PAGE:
A CONCERTED effort to increase ethnic minority representation is part of cultural reforms within the Metropolitan Police service after it emerged that more than 1,000 officers are currently suspended or on restricted duties.
Out of the Met’s workforce of about 34,000 officers, 201 are suspended and around 860 are on restricted duties.
Deputy assistant commissioner Stuart Cundy described this as a “significant number” as it constituted nearly the size of a small police force in other parts in the country.
Cleaning up the force could take “two years or more”, he said.
Among the reforms, the Met Police has set a target to increase black, Asian and minority ethnic (BAME) representation to 20 per cent by March 2026.
The force is currently made up of 85 per cent white officers, of whom 11.6 per cent are from an ethnic minority. Asian/ British Asian officers make up 5.9 per cent – though this group accounts for 17 per cent of the UK population.
“Having a diverse workforce in all our commands, whether that’s colour of skin, background, whatever that might be, it gives you diversity of thought, it gives you different approaches, it gives you better understanding of what our communities and our partners need from policing,” deputy assistant commissioner Laurence Taylor told .
“A diverse police force improves our ability to listen and understand what we are delivering, whether it’s working, whether it’s not working. It gives us those critical eyes within our commands to say, ‘you know what, this doesn’t work’, because I, as a white man, might not recognise that. This is why it’s so important.”
The reforms were prompted after the crimes of serving police officers Wayne Couzens, who was convicted of the rape, abduction and murder of Sarah Everard and David Carrick, a serial rapist – both are serving life sentences.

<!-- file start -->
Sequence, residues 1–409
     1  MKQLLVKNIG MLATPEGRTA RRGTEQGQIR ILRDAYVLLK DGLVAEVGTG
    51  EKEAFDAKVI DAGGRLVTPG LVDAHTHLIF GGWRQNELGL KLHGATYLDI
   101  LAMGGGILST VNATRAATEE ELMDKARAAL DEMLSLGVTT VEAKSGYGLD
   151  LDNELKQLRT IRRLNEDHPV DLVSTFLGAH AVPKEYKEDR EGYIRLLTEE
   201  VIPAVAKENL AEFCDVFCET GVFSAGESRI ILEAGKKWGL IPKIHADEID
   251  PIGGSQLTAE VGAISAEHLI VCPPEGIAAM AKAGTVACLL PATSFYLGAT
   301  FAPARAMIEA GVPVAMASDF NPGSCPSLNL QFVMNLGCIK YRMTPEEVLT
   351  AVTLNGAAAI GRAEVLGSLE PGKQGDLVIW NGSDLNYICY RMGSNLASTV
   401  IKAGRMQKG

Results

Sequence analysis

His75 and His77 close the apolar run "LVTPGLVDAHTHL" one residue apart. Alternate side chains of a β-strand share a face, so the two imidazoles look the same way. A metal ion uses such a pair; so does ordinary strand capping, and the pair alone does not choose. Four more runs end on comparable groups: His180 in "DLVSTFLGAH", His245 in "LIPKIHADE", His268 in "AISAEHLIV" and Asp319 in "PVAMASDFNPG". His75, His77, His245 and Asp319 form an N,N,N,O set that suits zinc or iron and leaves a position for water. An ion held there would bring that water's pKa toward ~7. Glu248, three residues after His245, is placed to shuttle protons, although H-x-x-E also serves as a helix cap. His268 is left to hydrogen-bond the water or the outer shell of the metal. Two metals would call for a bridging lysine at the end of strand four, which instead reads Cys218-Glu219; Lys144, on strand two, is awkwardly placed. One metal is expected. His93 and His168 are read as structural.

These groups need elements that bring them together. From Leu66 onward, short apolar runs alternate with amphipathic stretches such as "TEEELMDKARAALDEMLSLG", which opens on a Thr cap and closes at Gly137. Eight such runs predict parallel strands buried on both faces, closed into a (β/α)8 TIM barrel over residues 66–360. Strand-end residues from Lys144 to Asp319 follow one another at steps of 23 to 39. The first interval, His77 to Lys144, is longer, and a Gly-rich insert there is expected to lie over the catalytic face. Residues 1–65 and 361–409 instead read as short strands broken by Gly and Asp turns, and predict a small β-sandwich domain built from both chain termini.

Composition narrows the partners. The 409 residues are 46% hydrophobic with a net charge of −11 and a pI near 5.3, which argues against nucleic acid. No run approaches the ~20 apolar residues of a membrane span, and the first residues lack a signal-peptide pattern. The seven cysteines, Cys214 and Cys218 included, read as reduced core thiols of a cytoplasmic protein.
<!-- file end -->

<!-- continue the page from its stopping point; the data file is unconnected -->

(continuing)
Couzens and Carrick both served in the Met’s parliamentary and diplomatic protection group (PaDP).
In her review of London’s Metropolitan Police, Baroness Casey said PaDP was a “dark corner” of the Met and should be disbanded.
Former Met Police counter-terrorism chief Neil Basu said last week that he believed PaDP was “not a policing function” and that it is recommended these duties should be performed by the military who do it “quite successfully”.
Taylor disagreed that PaDP should be disbanded, but admitted that unhealthy work cultures had developed in the unit, partly due to a lack of diversity, poor leadership and a sense of disconnection from the rest of the force.
A review of the PaDP team – comprising around 1,000 officers – has now been completed, with the Met saying a third of its workforce had been replaced.
Taylor said the ambition was to have two-thirds of the unit made up of new staff by December 2025.
Meanwhile, officers will no longer be able to remain in the squad indefinitely, but they will instead be rotated to other parts of the Met every eight years.
Taylor revealed the PaDP already has an 18 per cent representation of officers from a BAME background which he described as “pretty good compared to other areas”, but said he was determined to see this figure go up.